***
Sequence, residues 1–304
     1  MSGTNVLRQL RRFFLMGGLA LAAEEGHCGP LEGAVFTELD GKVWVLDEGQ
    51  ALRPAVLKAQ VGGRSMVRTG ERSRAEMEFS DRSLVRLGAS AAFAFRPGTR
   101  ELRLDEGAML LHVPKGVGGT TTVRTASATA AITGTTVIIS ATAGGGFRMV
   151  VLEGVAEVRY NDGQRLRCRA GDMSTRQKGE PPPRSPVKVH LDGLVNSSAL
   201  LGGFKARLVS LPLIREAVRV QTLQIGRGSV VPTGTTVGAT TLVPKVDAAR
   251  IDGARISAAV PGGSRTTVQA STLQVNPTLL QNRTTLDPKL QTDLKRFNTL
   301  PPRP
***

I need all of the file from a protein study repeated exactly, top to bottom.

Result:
Sequence, residues 1–304
     1  MSGTNVLRQL RRFFLMGGLA LAAEEGHCGP LEGAVFTELD GKVWVLDEGQ
    51  ALRPAVLKAQ VGGRSMVRTG ERSRAEMEFS DRSLVRLGAS AAFAFRPGTR
   101  ELRLDEGAML LHVPKGVGGT TTVRTASATA AITGTTVIIS ATAGGGFRMV
   151  VLEGVAEVRY NDGQRLRCRA GDMSTRQKGE PPPRSPVKVH LDGLVNSSAL
   201  LGGFKARLVS LPLIREAVRV QTLQIGRGSV VPTGTTVGAT TLVPKVDAAR
   251  IDGARISAAV PGGSRTTVQA STLQVNPTLL QNRTTLDPKL QTDLKRFNTL
   301  PPRP